Looking at polling data, it’s clear that candidates who stake out positions flatly in favor of or against charter schools are bound to alienate a core Democratic constituency. Democratic candidates don’t want to upset teachers or their unions, which are powerful Democratic interest groups that often oppose charter schools. Polling among teachers supports candidates’ concerns: EdChoice’s 2019 Schooling in America Survey poll found that a majority (55%) of public school teachers support charter schools; however, their margin of support was lower than any other subgroup detailed in the poll results. The 2019 Education Next Poll found that 42% of teachers supported charter schools overall, but only 28% of union-member public school teachers, compared to 50% of non-union public school teachers. And in “Voices from the Classroom 2020,” Educators for Excellence found only 35% support for charter schools among public school teachers. In turn, multiple candidates have endorsed policies that would seriously restrict the growth of the charter sector, including eliminating the federal Charter School Program, banning for-profit charter schools, and supporting proposals to make school districts the only entities that can authorize charter schools.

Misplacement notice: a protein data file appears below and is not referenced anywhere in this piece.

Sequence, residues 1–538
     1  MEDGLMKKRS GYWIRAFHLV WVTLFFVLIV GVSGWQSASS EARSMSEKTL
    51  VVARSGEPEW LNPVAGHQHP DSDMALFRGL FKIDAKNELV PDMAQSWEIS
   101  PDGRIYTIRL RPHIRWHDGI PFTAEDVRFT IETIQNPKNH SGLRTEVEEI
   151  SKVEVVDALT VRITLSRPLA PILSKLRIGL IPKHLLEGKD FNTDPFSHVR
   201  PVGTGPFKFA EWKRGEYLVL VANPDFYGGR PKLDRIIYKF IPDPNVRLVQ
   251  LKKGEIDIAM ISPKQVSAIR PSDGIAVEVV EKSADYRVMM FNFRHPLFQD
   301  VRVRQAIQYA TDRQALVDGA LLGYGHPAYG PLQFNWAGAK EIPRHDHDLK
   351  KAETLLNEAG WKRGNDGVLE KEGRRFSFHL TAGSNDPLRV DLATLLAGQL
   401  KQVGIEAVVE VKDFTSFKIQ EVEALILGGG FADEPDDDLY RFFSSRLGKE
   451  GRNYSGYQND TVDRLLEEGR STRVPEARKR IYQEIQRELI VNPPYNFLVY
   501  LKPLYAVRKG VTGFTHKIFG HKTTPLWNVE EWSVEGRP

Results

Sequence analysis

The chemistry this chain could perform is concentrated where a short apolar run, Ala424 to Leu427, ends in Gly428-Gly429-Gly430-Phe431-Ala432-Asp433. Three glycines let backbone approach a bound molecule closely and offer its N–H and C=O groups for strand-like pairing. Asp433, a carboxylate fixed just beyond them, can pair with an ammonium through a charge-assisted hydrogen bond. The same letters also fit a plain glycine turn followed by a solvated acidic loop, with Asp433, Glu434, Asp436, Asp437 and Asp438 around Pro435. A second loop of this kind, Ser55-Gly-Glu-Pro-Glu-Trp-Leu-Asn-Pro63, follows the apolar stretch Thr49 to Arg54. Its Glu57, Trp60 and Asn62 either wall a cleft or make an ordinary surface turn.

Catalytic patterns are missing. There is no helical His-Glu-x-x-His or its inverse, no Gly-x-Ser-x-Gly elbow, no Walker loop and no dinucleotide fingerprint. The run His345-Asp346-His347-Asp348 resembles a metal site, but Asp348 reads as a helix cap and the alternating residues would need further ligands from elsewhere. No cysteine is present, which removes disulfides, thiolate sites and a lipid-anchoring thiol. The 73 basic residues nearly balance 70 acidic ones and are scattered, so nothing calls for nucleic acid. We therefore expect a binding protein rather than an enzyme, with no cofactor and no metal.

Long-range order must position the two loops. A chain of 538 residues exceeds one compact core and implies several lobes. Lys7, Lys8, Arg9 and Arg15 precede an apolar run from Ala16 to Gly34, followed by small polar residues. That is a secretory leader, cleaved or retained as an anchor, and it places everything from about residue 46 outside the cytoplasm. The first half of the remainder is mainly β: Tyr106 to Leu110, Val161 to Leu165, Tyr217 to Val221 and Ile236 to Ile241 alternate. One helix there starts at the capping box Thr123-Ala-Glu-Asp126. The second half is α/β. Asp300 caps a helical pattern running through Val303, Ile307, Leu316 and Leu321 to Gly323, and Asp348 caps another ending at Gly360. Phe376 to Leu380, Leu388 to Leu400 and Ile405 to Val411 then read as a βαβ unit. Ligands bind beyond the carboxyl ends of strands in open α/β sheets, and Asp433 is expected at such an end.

No candidate has gone so far as to oppose charter schools altogether, however, likely because charter school support is particularly strong within African American and Hispanic/Latinx communities, which are disproportionately served by poorly performing schools, often in segregated neighborhoods, making school choice a powerful issue. Both the EdChoice and Education Next polls found majority support for charter schools among these groups. In fact, just days before the South Carolina primary, where black voters make up the majority of Democratic primary voters, both Senator Elizabeth Warren and former Vice President Joe Biden met with the Powerful Parent Network, a group that supports school choice and garnered attention last November for confronting Warren at a campaign event in Atlanta.

How Democrats navigate the issue also depends on constituencies in various states. Today, Super Tuesday, candidates must court votes from states where public opinion on charter schools varies widely. Across the thirteen states with primaries taking place tonight, we found relevant 2019-20 polling data on charter schools in four of them. Support ranges from just 44% in Tennessee to as high as 76% in North Carolina.

Continue reading